Both of my children were born at home, after very different labors. My first labor was long and challenging. My daughter was born into my midwife and husband’s hands as I squatted on a birthing stool on our living room floor. My second home birth was fast – it came quickly, swept me up like a tornado taking me to another world. I was caught in the power of labor for a relatively short time, then dropped back down out of it, with another sweet daughter making her arrival quickly under the same midwife’s watchful eyes and, again, into my husband’s waiting hands. Our first daughter, who was two at the time, was quickly in the middle of things, simultaneously telling me that, “Mom, this is very messy. Oh, look at the baby!”
They were both great experiences. And yet, I still find myself defending my decision to have a home birth, even after people discover that I am a home birth midwife.
The Midwives Alliance of North America Statistics Project, 2004 to 2009
Published in the Journal of Midwifery and Women’s Health, Outcomes of Care for 16,924 Planned Home Births in the United States: The Midwives Alliance of North America Statistics Project, 2004 to 2009 shows that, for low-risk women, planned home birth with a trained midwife has very good outcomes for both mother and baby. While it is never possible to eliminate risk entirely, this study shows that, for women who are healthy, home birth is a valid option that can result in a safe and satisfying experience.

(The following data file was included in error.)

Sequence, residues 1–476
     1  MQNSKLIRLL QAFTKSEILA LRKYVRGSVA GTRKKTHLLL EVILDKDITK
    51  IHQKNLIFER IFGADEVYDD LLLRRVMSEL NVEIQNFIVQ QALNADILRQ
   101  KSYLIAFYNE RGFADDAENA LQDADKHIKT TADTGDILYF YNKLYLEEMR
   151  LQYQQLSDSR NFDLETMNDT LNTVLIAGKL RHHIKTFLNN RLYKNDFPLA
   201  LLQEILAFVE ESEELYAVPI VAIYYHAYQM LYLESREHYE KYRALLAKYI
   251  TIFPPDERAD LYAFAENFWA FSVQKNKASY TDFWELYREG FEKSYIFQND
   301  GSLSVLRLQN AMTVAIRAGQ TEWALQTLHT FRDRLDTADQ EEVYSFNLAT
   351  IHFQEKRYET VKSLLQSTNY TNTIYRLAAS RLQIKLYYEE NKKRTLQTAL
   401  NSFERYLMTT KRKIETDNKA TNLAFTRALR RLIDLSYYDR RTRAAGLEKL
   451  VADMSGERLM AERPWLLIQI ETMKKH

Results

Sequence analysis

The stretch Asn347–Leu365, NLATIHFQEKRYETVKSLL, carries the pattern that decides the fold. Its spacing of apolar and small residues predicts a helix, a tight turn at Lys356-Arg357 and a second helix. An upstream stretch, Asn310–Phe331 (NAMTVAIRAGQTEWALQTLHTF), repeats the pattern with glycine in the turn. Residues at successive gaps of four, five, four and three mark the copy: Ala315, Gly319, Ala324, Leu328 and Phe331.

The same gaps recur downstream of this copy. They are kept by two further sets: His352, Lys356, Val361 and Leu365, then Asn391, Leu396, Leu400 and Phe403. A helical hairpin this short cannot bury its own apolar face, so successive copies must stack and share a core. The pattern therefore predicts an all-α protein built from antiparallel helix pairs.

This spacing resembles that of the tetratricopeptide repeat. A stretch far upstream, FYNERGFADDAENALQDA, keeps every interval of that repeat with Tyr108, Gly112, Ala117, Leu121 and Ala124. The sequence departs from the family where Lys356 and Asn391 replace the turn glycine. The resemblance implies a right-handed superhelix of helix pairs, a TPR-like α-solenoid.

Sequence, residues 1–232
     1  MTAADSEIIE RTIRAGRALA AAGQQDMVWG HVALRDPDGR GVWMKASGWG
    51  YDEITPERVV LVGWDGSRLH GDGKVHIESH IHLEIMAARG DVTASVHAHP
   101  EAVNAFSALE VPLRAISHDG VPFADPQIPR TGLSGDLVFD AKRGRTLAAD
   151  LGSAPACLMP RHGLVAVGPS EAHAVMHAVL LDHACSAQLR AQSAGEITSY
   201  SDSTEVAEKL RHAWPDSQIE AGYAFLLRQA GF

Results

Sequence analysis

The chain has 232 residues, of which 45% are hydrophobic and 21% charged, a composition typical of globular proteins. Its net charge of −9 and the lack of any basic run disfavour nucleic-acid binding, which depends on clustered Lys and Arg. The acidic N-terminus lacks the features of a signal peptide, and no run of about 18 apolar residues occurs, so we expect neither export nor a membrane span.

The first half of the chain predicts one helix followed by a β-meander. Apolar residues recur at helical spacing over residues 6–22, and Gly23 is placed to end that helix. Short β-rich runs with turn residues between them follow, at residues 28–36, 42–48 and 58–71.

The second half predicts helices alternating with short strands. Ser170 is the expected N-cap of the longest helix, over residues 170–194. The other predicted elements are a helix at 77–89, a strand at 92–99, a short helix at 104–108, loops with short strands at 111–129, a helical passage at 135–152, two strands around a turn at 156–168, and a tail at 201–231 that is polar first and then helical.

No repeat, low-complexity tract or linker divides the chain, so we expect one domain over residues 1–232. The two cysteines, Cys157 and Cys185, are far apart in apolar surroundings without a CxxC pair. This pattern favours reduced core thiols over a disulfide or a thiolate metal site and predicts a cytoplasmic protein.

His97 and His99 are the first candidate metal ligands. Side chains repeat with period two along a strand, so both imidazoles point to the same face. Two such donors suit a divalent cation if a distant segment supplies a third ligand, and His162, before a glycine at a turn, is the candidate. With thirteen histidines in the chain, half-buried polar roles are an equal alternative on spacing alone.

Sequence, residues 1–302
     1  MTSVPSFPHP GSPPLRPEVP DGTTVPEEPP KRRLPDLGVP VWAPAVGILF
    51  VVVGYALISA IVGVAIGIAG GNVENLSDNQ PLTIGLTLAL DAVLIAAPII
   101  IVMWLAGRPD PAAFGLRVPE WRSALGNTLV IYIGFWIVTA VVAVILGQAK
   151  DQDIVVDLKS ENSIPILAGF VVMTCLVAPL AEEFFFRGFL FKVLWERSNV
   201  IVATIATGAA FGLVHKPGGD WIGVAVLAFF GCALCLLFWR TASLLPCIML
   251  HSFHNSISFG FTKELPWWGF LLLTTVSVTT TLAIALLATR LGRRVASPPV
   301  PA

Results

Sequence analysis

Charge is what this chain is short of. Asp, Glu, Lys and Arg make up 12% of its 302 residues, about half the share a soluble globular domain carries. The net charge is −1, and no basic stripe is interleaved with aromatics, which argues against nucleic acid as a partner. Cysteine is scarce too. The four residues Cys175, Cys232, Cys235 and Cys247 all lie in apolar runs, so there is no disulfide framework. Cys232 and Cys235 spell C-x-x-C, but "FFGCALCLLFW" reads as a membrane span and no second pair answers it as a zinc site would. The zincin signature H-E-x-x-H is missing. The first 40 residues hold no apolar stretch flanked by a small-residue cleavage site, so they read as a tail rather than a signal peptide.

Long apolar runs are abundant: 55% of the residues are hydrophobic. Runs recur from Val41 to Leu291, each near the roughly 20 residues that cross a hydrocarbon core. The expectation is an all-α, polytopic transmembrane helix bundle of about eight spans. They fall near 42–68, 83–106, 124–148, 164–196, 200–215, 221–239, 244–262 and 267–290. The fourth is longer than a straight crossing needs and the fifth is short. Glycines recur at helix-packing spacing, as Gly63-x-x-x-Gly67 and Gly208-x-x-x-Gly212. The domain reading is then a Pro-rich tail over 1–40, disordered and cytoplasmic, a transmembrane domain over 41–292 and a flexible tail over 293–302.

Some of the highlights of the study include:
89.1% of the women gave birth at home, with the largest reason given for transport to a hospital being lack of progress
93.6% had spontaneous vaginal deliveries
5.2% had cesarean deliveries
1.2% had assisted vaginal deliveries
It is important to note that this study is not population-based. Unfortunately, there is no accurate way to gather this kind of data for every woman who is planning to have a home birth in the United States. However, the data that this study gathered is very similar in outcome to large, population based studies in other countries, which is reassuring.
Why This Study Matters
Women need to know that they have choices and what those choices truly entail. Ask a lot of questions. If you do not like the answers you are getting, look for another provider. There are many ways and places to give birth. Natural or epidural, vaginal or c-section, birth center, hospital or home. All of these choices carry with them certain risks and benefits.
It is easy to assume that a home birth is a less safe, or even dangerous, option for birth. However, this study shows this to be untrue. For low-risk women with trained birth attendants, home birth can bring with it many benefits. Giving birth is one experience that almost every woman on the planet shares. It is life changing, and its power makes an impression that stays with a woman for the rest of her life. Every woman deserves to be treated with respect and given high quality care. Midwifery care and home birth are on the rise, and this important study shows that home birth is a safe option.